Tang Jie-Yen Wei in a final they can’t afford to lose

Tough fight: Tan Kian Meng (back) and Lai Pei Jing lost to compatriots Chan Tang Jie-Peck Yen Wei in the semi-finals.

PETALING JAYA: All eyes will be on mixed pair Chen Tang Jie-Peck Yen Wei today.

The world No. 40 are on the brink of securing their career breakthrough victory after stunning top seeds and compatriots Tan Kian Meng-Lai Pei Jing 21-19, 21-23, 21-14 to reach the Indian Open final in New Delhi yesterday.

But Tang Jie-Yen Wei will not only play for themselves when they take on Singapore’s Terry Hee-Tan Wei Han in the title decider – they know exactly that the nation’s pride is at stake.

It’s one match they simply can’t afford to lose especially when the pride as a badminton-playing nation took a beating when Loh Kean Yew was crowned as the world champion last month.

And months prior to that, men’s pairs Tan Kian Meng-Tan Wee Kiong and Man Wei Chong-Tee Kai Wun were also pipped by Terry and Loh Kean Hean, the elder brother of Kean Yew, in the finals of the Dutch Open and Czech Open respectively.

Tang Jie said he respected all his opponents regardless of their nationalities.

“Honestly, we shouldn’t emphasise too much on the nationality. More countries are improving and becoming good at this sport, and Singapore is no exception,” stressed Tang Jie.

“It’s important that we treat all our opponents with respect and never underestimate them.”

This will be Tang Jie-Yen Wei’s first duel with the married couple Terry-Wei Han, who were once ranked as high as No. 15 in the world. Terry-Wei Han made the final after they were given a walkover by second seeds Rodion Alimov-Alina Davletova of Russia.

Alimov tested positive for Covid-19.

“Terry-Wei Han will be just as formidable. They are a very experienced pair. We won’t fancy our chances because we’re nobody either,” said Tang Jie.

“We will get some tips and guidance from our coach (Teo Kok Siang) as well as big brother (Chan Peng Soon) on how to approach the match.”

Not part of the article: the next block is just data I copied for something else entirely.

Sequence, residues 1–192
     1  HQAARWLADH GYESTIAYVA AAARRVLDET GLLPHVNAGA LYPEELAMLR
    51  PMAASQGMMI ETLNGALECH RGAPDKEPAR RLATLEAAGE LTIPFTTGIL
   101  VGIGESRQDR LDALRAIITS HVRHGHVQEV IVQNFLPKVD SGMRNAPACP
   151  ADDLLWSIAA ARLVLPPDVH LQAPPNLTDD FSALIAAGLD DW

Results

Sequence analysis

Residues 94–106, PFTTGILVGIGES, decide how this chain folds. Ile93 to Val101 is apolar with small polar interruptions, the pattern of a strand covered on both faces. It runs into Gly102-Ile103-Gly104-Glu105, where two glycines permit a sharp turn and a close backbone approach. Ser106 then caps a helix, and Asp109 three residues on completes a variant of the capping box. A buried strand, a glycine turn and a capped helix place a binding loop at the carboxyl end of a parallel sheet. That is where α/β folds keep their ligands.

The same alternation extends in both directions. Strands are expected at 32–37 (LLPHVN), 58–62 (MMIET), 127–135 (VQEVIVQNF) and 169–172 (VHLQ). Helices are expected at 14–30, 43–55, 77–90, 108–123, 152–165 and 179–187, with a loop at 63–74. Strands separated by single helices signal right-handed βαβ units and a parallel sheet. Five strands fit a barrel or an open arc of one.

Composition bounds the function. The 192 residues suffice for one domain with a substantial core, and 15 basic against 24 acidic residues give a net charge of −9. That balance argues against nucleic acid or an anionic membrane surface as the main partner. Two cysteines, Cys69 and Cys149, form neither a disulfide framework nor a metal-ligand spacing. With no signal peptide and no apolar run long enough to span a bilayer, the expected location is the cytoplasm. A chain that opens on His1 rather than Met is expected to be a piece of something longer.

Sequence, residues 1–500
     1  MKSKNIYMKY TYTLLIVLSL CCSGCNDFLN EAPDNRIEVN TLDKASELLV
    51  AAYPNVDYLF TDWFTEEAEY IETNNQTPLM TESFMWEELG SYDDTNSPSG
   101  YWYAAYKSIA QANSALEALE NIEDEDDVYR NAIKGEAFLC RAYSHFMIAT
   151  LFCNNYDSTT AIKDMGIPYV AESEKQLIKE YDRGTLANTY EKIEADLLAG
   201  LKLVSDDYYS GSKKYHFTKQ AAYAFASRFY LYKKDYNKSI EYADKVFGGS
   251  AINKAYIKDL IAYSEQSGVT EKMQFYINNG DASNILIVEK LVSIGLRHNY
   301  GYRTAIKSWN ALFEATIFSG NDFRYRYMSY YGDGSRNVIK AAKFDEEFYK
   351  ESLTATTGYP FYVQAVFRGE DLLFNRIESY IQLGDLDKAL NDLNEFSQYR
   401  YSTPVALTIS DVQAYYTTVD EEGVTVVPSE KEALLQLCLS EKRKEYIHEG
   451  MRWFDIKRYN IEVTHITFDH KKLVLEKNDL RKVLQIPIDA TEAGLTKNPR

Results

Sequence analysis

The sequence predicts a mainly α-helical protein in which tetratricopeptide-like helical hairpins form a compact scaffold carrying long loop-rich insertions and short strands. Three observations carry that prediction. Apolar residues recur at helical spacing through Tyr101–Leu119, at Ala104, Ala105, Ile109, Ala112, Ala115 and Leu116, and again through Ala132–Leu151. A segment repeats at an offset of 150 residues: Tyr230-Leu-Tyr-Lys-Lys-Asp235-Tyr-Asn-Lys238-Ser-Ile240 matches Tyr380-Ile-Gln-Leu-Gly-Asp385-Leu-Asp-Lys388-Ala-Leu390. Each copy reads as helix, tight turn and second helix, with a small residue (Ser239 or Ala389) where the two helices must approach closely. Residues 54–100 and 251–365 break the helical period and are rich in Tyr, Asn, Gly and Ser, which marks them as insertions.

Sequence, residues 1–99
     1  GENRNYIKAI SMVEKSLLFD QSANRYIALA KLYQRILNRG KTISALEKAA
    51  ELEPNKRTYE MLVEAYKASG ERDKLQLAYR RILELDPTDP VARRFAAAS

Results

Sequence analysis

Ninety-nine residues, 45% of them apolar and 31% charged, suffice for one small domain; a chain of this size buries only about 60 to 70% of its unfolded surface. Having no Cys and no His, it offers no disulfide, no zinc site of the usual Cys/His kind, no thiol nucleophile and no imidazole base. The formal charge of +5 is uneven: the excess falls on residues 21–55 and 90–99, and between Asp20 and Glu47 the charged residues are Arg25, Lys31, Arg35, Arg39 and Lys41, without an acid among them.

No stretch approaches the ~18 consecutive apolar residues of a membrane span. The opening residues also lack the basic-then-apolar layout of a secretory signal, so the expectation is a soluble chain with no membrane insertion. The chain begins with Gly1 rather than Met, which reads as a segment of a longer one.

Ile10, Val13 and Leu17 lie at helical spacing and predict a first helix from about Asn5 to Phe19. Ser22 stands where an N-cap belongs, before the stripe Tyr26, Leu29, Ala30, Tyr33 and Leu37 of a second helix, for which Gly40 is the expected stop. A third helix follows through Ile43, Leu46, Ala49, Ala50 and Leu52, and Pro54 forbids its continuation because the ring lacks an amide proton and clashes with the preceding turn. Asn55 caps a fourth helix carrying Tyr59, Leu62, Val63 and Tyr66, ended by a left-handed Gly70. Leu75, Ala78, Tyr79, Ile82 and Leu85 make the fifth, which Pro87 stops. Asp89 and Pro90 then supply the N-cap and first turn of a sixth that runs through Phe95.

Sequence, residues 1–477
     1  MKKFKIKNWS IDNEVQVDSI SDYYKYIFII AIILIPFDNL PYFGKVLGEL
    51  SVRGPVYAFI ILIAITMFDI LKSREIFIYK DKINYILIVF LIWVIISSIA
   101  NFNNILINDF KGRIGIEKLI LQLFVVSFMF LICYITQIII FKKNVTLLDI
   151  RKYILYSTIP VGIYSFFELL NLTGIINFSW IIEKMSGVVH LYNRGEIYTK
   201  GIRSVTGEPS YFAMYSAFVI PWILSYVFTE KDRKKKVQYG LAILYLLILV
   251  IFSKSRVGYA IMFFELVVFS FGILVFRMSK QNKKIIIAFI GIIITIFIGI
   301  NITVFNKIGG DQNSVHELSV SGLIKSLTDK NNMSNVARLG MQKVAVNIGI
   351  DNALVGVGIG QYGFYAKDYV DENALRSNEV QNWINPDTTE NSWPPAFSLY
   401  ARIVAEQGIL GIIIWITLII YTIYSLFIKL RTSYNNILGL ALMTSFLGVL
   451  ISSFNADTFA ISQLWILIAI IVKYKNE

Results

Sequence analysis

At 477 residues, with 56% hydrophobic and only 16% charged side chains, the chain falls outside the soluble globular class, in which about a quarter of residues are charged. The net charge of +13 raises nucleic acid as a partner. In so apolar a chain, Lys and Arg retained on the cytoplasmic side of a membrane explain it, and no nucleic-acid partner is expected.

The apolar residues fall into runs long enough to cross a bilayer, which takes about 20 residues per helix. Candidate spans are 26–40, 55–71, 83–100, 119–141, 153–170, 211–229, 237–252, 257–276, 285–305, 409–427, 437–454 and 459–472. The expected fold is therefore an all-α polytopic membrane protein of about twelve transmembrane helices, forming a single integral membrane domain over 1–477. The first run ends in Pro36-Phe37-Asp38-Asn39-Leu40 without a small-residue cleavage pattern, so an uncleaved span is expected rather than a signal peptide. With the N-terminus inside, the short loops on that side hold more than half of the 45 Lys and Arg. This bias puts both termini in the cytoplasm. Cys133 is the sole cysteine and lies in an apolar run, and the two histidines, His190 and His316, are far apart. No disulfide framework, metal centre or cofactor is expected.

Tang Jie is also keeping his feet on the ground despite their upset win over Kian Meng-Pei Jing.

“The win has obviously boosted our confidence. But one win really doesn’t mean anything. What matters more is how you build on it,” he said.

Tang Jie-Yen Wei did well to beat world No. 10 Marcus Ellis-Lauren Smith of England last year in the last 16 of the Hylo Open, only to be knocked out in the very next round.

Tang Jie-Yen Wei are the only survivors left after Ng Tze Yong and Ong Yew Sin-Teo Ee Yi crashed out in the semi-finals of the men’s singles and doubles.

Tze Yong could not capitalise on his opening game advantage as he fell 21-19, 16-21, 12-21 to India’s Lakhsya Sen.

Lakhsya will face Kean Yew in the battle featuring the World Championships’ bronze and gold medallists.

Kean Yew also did not have to lift his racquet after being given a bye by Canadian Brian Yang, who fell ill.

Yew Sin-Ee Yi found the resurgent three-time world champions Mohamad Ahsan-Hendra Setiawan of Indonesia too hot to handle as they went down tamely 15-21, 18-21.


Men’s singles: Lakhsya Sen (Ind) bt Ng Tze Yong (Mas) 19-21, 21-16, 21-12; Loh Kean Yew (Sin) w.o Brian Yang (Can).

Men’s doubles: Mohamad Ahsan-Hendra Setiawan (Ina) bt Ong Yew Sin-Teo Ee Yi (Mas) 21-15, 21-18.

Women’s singles: Busanan Ongbamrungphan (Tha) bt Aakarshi Kashyap (Ind) 26-24, 21-9.

Women’s doubles: Benyapa Aimsaard-Nuntakarn Aimsaard (Tha) bt Haritha Manazhiyil-Ashna Roy (Ind) 21-12, 21-9; Anastasiia Akchurina-Olga Morozova (Rus) w.o Ekaterina Malkova-Anastasiia Shapovalova (Rus).

Mixed doubles: Chen Tang Jie-Peck Yen Wei (Mas) bt Tan Kian Meng-Lai Pei Jing (Mas) 21-19, 21-23, 21-14; Terry Hee-Tan Wei Han (Sin) w.o Rodion Alimov-Alina Davletova (Rus).

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